different from those of either the initial properties of the accumulation of TVFAs. This occurred at a temperature of
46ºC for the 55ºC reactor and at 40ºC for the 37ºC reactor.
37ºC or 55ºC reactors (Table 5). A reduced amount of
biogas production coincided with a significantly [p < 0.05]
higher TVFA level (851.29 mg as acetic acid/L) even at The instability could be overcome by lowering the OLR.
day 146, when the experiment was terminated. This After the stability was regained the OLR could be gradually
indicates that the new microbial consortium is probably increased to that of the initial value, without major changes
different from that operating initially in the 37ºC reactor to the stability.
and results in a population that is less efficient in terms of
% COD removal, biogas and methane productions. This REFERENCES
could be related to the poor development of mesophiles that
should become dominant under the new mesophilic AHMAD, Abdul Latif; ISMAIL, Suzylawati and BHATIA,
conditions. The results indicate that the microbial Subhash. Water recycling from palm oil mill effluent
population present in the 55ºC reactor found it more (POME) using membrane technology. Desalination,
difficult to recover from temperature changes than did the August 2003, vol. 157, no. 1-3, p. 87-95.
population of the 37ºC reactor. This indicates that
temperature regulation here is complex and may depend on AHN, J.-H. and FORSTER, C.F. The effect of temperature
the composition of the initial sludge in the system. Lau and variations on the performance of mesophilic and
Fang (1997) found that a temperature shock had a less thermophilic anaerobic filters treating a simulated papermill
adverse effect on the acetotrophic methanogens than on wastewater. Process Biochemistry, January 2002, vol. 37,
other methanogens. According to Cabirol et al. (2003), who no. 6, p. 589-594.
studied the adaptation of a mesophilic anaerobic sludge to
thermophilic conditions, this also showed a rapid adaptation
ANGELIDAKI, I.; PETERSEN, S.P. and AHRING, B.K.
with an increase in the proportion of hydrogenotrophic
Effects of lipids on thermophilic anaerobic digestion and
methanogens.
reduction of lipid inhibition upon addition of bentonite.
Applied Microbiology and Biotechnology, July 1990, vol.
We have shown that the adverse effect of a temperature
shift can be alleviated by an initial lowering of the OLR. 33, no. 4, p. 469-472.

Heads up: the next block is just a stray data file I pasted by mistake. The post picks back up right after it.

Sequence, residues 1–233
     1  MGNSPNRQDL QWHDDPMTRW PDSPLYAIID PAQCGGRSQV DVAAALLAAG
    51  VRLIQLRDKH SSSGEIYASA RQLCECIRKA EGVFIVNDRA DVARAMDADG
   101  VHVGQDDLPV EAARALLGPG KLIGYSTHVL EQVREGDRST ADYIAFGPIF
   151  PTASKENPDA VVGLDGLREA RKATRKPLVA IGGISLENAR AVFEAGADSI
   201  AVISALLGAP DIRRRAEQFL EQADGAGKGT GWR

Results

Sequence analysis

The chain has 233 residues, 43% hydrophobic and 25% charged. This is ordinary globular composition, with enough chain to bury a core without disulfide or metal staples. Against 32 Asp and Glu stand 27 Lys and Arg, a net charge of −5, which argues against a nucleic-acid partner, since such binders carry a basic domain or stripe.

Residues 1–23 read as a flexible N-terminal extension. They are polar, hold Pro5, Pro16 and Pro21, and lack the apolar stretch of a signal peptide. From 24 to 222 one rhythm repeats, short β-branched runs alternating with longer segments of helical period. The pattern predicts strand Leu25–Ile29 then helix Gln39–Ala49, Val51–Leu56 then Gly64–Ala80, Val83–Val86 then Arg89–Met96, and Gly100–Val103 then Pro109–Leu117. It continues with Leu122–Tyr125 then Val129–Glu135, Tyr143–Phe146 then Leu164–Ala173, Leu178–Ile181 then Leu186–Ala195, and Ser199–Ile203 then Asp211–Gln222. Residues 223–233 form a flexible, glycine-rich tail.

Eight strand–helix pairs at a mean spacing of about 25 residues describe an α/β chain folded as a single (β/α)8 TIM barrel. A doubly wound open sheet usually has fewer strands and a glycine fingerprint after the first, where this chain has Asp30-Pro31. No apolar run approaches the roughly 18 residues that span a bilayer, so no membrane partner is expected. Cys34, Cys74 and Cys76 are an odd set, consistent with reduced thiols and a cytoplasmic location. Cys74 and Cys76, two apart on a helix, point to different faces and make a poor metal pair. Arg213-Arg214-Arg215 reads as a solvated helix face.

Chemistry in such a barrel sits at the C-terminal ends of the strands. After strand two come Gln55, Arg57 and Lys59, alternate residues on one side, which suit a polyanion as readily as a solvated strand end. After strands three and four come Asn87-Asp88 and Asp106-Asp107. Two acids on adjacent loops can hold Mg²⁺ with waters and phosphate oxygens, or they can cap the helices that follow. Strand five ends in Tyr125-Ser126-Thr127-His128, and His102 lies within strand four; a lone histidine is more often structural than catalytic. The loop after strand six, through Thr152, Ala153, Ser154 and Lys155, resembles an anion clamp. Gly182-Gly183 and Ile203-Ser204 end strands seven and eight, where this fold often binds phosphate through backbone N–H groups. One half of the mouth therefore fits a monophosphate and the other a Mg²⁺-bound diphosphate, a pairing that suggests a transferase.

When this is followed by a slow increase back to the initial
OLR value the system can return to a steady state that in BANERJEE, S. and BISWAS, G.K. Studies on
some cases is not too different from the original but at a biomethanation of distillery wastes and its mathematical
different temperature. We strongly recommend the use of analysis. Chemical Engineering Journal, September 2004,
this procedure in order to help microbial populations adapt vol. 102, no. 2, p. 193-201.
to any temperature shifts. Moreover, a continuous feed
should be used to eliminate problems that may arise from BJÖRNSSON, L.; MATTIASSON, B. and HENRYSSON,
transient growth conditions and to permit flexibility in T. Effects of support material on the pattern of volatile fatty
adjustment of the time course of temperature shifts. It also acid accumulation at overload in anaerobic digestion of
can be used to select a culture that will grow under semi-solid waste. Applied Microbiology and Biotechnology,
conditions of stress. June 1997, vol. 47, no. 6, p. 640-644.

383
Effect of temperature on the anaerobic digestion of palm oil mill effluent

BJÖRNSSON, L.; MURTO, M. and MATTIASSON, B. Washington DC, American Public Health Association,
Evaluation of parameters for monitoring an anaerobic co- 1998. 1000 p. ISBN 0-875-53235-7.
digestion process. Applied Microbiology and
Biotechnology, December 2000, vol. 54, no. 6, p. 844-849. DE LA RUBIA, M.A.; PEREZ, M.; ROMERO, L.I. and
SALES, D. Anaerobic mesophilic and thermophilic
BORJA, Rafael and BANKS, Charles J. Comparison of an municipal sludge digestion. Chemical and Biochemical
anaerobic filter and an anaerobic fluidized bed reactor Engineering, 2002, vol. 16, no. 3, p. 119-124.
treating palm oil mill effluent. Process Biochemistry, 1995,
vol. 30, no. 6, p. 511-521. EL-MASHAD, Hamed M.; ZEEMAN, Grietje; VAN
LOON, Wilko K.P.; BOT, Gerard P.A. and LETTINGA,
BORJA, R.; MARTÍN, A.; BANKS, C.J.; ALONSO, V. Gatze. Effect of temperature and temperature fluctuation on
and CHICA, A. A kinetic study of anaerobic digestion of thermophilic anaerobic digestion of cattle manure.
olive mill wastewater at mesophilic and thermophilic Bioresource Technology, November 2004, vol. 95, no. 2, p.
temperatures. Environmental Pollution, 1995, vol. 88, no. 191-201.
1, p. 13-18.
ERGÜDER, T.H.; TEZEL, U.; GÜVEN, E. and
BORJA, Rafael; BANKS, Charles J. and SÁNCHEZ, DEMIRER, G.N. Anaerobic biotransformation and